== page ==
• 2012 HS-Physician Global Assessment (HS-PGA)

  • 2012 Hidradenitis Suppurativa Clinical Score (HiSCR)

  • 2017 International HS Severity Scoring System (IHS4)

  • 2019 HS Area and Severity Index (HASI)

An assessment of a patient’s disease severity or response to treatment can vary depending on which clinical scoring is used.13 Therefore, in some cases, it may be appropriate to use several measures to determine a patient’s disease severity.13

Let's listen to Cydney’s story of how and when she was diagnosed with HS.

Watch The Rest of Cydney’s Story

Nearly one-third of patients have a family history of HS5


of patients visited a physician for HS symptoms more than 5 times before an appropriate HS diagnosis was made.14

A delayed diagnosis markedly contributes to disease progression, comorbid conditions, and an increased number of surgically treated sites.2,3

The average time from symptom onset to HS diagnosis is 10 years,14 with more than 3 misdiagnoses along the way.2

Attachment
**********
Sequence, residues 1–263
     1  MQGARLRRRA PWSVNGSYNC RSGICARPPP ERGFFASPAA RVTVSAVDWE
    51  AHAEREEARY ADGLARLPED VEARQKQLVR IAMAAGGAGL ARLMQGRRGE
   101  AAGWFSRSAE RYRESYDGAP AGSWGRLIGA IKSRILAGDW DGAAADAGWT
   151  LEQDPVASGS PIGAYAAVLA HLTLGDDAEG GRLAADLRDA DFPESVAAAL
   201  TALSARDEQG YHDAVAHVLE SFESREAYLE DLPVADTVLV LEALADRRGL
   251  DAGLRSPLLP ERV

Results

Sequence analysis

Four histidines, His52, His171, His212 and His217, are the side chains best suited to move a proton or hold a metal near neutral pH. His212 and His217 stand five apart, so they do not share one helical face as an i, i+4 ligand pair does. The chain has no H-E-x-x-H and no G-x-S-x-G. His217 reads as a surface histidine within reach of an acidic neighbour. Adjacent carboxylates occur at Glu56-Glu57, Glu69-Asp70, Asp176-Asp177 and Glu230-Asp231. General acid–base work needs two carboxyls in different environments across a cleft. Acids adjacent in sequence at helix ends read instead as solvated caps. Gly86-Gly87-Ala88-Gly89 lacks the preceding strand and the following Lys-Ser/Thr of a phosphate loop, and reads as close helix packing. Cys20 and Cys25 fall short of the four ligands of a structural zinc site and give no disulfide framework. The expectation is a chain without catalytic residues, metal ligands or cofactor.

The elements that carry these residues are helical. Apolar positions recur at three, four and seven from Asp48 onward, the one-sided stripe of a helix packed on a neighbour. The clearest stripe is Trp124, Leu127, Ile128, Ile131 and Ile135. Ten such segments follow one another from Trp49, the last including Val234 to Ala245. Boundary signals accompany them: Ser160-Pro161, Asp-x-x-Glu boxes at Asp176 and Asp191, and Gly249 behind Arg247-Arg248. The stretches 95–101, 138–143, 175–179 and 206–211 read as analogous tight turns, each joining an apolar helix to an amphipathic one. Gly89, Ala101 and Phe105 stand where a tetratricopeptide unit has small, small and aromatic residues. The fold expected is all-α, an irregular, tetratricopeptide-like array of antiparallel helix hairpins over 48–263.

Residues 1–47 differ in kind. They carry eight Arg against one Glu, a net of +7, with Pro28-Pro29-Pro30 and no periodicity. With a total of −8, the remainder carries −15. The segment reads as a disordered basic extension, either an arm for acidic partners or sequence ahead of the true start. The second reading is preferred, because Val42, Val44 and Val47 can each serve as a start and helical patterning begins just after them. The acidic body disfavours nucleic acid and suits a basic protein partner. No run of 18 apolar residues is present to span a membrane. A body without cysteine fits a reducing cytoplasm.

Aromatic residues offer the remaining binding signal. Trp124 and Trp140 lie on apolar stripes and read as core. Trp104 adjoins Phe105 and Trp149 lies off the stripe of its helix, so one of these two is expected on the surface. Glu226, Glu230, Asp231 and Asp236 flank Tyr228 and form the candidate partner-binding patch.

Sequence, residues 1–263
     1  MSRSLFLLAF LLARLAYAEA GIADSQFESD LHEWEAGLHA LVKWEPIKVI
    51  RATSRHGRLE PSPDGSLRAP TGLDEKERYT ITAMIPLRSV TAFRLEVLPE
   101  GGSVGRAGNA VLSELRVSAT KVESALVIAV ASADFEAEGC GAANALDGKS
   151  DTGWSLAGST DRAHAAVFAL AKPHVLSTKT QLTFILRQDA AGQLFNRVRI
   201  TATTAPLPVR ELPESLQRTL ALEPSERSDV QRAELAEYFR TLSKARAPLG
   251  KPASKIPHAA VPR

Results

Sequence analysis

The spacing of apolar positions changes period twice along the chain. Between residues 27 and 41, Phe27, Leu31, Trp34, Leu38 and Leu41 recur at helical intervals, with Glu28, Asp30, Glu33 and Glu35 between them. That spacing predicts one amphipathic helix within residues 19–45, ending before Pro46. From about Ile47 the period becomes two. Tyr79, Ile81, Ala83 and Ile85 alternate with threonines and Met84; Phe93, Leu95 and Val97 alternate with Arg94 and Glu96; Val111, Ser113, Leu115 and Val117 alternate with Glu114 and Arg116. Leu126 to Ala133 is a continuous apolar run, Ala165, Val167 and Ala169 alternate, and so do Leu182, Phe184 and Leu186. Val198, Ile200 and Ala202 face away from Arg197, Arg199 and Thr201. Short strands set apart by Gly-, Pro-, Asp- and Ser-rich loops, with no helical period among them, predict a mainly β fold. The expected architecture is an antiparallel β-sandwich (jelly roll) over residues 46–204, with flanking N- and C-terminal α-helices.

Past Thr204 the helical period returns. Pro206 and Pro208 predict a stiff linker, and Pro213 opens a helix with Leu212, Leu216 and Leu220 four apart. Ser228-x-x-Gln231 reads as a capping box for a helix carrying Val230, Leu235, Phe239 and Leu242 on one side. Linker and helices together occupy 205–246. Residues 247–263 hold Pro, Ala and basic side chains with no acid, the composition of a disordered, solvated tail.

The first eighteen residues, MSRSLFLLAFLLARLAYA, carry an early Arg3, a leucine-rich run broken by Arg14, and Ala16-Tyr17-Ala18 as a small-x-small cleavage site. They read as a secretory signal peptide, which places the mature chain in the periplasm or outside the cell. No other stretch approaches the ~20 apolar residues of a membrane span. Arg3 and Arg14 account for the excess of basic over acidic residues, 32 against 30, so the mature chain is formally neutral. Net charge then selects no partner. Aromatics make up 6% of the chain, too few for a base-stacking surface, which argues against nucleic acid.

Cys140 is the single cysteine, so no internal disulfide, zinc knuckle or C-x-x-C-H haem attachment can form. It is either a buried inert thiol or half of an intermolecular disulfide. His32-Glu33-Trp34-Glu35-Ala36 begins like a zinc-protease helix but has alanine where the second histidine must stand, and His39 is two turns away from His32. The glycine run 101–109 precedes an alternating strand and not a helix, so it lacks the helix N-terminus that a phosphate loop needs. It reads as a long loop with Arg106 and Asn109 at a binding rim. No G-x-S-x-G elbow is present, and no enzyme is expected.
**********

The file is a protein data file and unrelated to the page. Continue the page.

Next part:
Hospitalizations due to HS are trending upward, emphasizing the need
to diagnose and treat the disease earlier.

Based on a retrospective analysis of the Nationwide Inpatient Sample (NIS), the rate of hospitalizations with HS as a primary diagnosis increased from 7.9 per 100,000 all-cause hospitalizations in 2008 to 11.6 per 100,000 all-cause hospitalizations in 2017 (P<0.0001).15

Looking in the Window of Opportunity

Characterized by boils and skin scarring, HS is often misidentified as more well-known skin conditions, such as acne vulgaris or folliculitis. Because of this, it can take years for a patient with HS to receive a correct diagnosis and appropriate treatment.2